The legislation to establish the registry was proposed by County Executive Andy Spano and approved two months ago in a bi-partisan vote of the Board of Legislators. It applies to both heterosexual and homosexual couples, who may register with the office of County Clerk Leonard Spano.

To date, over 40 jurisdictions in the United States have established such registries, including New York City, Albany, Rochester and Ithaca.

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Bioterrorism Plans Announced by County

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WPCNR County Clarion Journal. From Westchester County Department of Communications. (EDITED) November 26, 2002.County Executive Andy Spano, Rep. Nita Lowey and County Health Commissioner Josh Lipsman today unveiled the county’s comprehensive bio-terrorism plan and announced nearly $100,000 in grants to fund seven projects as part of that plan.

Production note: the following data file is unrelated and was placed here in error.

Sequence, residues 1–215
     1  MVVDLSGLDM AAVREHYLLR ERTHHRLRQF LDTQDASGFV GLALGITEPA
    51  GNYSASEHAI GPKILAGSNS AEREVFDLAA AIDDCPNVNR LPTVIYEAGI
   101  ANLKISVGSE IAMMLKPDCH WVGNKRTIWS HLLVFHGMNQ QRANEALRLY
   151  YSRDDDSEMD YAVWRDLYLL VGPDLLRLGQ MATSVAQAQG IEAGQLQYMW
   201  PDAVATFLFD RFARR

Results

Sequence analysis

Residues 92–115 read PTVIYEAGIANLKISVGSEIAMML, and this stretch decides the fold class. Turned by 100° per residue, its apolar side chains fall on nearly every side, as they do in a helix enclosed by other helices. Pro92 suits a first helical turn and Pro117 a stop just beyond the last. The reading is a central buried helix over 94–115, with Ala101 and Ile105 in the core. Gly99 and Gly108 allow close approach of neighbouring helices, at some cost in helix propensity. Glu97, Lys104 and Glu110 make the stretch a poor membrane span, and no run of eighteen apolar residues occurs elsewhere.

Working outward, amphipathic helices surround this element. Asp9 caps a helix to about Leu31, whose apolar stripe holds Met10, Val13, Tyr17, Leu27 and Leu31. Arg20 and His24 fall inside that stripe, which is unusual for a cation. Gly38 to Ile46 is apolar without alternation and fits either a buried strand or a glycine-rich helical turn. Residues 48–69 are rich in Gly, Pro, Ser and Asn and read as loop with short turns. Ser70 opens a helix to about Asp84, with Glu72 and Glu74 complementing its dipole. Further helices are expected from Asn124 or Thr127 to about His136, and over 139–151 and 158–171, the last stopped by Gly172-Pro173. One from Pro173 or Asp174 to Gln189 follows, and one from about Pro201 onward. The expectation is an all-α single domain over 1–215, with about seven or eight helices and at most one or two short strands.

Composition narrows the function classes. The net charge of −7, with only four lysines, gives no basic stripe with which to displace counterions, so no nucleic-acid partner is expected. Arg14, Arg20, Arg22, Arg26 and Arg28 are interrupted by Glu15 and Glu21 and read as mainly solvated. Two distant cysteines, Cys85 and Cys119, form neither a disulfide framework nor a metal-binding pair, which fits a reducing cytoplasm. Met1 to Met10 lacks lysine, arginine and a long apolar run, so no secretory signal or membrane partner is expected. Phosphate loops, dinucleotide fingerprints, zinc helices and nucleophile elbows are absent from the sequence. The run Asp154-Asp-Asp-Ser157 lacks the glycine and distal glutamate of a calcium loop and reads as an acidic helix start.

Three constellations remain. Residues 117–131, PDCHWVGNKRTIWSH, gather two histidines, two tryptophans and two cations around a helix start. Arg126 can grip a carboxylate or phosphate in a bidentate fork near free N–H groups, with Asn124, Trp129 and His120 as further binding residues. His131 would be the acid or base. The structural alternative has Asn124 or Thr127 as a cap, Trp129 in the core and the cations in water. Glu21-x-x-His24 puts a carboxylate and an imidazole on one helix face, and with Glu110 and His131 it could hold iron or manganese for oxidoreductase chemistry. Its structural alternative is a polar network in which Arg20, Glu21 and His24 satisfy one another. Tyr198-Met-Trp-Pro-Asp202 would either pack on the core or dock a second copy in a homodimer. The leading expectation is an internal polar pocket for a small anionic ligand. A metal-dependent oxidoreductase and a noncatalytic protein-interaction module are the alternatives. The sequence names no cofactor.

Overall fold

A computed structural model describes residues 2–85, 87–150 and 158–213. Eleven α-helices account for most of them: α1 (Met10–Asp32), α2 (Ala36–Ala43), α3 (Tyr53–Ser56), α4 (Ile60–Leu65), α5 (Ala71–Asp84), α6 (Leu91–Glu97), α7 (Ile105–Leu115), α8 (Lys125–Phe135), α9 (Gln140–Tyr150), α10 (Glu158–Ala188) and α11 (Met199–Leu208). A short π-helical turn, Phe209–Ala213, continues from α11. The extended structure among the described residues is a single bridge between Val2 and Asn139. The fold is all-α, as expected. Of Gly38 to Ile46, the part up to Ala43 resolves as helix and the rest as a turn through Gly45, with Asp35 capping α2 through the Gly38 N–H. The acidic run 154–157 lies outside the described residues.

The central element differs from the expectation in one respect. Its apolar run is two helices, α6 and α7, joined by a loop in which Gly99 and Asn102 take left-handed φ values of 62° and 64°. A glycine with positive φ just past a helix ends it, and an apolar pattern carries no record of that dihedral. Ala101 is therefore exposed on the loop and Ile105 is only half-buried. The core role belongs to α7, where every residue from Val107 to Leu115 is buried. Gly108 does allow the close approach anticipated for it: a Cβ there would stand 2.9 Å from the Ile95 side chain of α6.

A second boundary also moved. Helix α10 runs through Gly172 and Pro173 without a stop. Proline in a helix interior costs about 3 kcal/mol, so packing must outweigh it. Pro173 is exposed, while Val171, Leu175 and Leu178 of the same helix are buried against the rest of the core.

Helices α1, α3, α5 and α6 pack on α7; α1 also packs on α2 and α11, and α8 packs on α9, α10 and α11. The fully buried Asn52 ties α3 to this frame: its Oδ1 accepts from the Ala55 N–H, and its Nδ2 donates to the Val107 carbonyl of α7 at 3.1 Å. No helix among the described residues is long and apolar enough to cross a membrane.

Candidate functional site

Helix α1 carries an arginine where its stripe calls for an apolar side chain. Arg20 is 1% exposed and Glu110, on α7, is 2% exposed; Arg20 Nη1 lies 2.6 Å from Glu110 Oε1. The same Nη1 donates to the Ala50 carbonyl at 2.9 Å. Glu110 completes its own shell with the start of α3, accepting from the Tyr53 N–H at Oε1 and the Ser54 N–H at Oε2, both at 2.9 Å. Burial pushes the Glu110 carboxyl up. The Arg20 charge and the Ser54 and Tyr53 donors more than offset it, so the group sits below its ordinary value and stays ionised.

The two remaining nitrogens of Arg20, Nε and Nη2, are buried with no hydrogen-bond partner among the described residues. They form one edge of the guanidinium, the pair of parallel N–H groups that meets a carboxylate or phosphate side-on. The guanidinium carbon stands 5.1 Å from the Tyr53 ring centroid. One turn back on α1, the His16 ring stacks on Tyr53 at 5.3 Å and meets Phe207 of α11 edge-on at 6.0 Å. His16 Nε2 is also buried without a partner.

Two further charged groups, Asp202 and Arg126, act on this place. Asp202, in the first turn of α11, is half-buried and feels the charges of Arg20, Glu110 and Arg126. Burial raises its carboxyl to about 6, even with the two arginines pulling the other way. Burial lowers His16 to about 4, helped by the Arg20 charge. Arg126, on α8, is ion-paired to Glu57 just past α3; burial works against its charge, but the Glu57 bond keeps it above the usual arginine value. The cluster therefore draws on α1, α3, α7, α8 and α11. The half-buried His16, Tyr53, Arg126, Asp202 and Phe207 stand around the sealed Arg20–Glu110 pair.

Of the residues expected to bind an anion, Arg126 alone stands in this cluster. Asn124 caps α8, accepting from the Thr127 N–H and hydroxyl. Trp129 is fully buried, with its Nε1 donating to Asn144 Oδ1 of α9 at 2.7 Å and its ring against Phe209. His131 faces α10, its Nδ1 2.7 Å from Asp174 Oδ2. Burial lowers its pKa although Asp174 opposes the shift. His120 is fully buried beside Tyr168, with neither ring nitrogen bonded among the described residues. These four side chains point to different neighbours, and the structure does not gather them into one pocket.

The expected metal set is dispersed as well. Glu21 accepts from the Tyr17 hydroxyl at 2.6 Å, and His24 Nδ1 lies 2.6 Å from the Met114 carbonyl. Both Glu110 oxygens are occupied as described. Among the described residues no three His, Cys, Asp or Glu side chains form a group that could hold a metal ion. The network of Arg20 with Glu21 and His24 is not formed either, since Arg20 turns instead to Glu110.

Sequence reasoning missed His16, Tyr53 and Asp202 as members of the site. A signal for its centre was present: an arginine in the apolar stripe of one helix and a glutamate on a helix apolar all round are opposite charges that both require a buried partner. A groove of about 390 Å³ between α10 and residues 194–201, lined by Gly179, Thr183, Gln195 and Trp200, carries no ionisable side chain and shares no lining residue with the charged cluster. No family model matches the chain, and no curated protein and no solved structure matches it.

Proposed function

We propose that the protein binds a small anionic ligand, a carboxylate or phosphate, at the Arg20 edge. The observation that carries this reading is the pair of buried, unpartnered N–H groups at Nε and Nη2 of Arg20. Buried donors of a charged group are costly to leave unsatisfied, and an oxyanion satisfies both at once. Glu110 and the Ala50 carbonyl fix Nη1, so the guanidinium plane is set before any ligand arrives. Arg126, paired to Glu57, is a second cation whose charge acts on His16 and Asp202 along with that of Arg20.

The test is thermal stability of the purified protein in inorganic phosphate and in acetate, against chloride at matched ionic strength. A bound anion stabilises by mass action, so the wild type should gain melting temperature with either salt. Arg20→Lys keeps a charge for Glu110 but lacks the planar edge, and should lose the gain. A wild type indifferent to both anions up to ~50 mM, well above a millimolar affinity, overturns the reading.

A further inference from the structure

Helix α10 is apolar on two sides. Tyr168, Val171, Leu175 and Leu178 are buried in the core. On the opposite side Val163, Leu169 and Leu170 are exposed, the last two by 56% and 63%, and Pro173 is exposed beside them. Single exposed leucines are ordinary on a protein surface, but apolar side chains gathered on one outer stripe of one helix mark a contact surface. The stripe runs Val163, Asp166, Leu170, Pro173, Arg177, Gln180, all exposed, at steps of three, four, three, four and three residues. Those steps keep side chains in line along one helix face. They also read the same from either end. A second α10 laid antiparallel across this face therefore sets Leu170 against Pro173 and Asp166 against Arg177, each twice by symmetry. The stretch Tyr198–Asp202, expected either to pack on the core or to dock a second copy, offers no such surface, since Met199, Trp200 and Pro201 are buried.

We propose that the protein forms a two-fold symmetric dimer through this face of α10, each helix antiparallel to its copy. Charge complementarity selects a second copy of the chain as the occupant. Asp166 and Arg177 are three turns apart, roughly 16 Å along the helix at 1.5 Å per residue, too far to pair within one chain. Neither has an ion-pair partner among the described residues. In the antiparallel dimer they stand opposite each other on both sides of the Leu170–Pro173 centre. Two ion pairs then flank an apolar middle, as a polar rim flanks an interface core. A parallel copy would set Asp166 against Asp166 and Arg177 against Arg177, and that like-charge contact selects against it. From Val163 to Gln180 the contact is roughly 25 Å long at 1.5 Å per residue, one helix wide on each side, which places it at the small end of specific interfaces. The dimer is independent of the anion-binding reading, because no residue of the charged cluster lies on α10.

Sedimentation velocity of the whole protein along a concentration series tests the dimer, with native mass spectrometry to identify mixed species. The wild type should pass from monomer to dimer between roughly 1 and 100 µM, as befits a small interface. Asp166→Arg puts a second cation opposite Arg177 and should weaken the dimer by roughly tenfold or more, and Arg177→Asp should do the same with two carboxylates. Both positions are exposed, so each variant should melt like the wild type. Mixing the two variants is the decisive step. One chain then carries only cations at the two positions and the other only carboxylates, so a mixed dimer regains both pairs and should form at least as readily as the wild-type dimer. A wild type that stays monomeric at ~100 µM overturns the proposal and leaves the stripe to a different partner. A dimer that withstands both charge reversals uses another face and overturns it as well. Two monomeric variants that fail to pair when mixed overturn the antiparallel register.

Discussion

The following seven bio-terrorism grants were awarded today to help the county respond in the event of a biological, chemical and/or radiological event:

• $12,500 to Westchester Medical Center, Trauma and Emergency Services to develop a web-based emergency preparedness portal for health care providers to coordinate and inventory available resources – hospital beds, medications, supplies etc.

• $15,000 to Westchester Medical Center, Trauma and Emergency Services to establish a portable emergency triage station demo project to be used to evaluate mass casualties.

• $15,000 to Westchester Medical Center, Trauma and Emergency Services to purchase equipment and to establish and train rapid response teams to deal with mass decontamination.